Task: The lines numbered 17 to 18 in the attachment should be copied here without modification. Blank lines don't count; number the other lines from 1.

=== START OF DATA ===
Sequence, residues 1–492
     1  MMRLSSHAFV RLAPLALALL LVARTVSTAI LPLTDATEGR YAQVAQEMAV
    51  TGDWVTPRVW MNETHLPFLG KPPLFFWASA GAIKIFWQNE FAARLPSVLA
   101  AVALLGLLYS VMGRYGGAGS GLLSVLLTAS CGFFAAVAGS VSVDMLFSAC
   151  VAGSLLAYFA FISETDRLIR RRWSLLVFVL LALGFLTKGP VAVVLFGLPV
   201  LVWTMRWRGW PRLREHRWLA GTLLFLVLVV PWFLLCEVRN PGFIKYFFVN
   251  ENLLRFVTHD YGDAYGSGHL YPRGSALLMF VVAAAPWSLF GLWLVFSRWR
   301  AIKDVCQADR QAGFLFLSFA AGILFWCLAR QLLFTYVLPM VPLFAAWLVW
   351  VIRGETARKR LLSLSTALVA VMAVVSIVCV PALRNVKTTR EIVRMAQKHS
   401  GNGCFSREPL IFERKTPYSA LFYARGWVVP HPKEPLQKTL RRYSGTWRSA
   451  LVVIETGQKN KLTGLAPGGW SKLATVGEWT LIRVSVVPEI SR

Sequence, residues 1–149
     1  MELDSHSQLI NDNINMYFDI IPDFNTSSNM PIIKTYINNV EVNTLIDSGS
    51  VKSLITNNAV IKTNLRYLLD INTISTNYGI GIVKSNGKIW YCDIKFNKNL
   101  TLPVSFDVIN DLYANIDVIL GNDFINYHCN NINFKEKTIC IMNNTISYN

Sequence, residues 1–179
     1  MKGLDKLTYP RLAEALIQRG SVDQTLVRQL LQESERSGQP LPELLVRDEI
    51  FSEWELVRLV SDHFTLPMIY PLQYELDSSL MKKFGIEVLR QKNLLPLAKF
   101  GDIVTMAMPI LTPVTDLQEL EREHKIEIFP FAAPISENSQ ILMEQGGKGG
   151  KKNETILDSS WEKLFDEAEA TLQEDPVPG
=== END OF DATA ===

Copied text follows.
     1  MKGLDKLTYP RLAEALIQRG SVDQTLVRQL LQESERSGQP LPELLVRDEI
    51  FSEWELVRLV SDHFTLPMIY PLQYELDSSL MKKFGIEVLR QKNLLPLAKF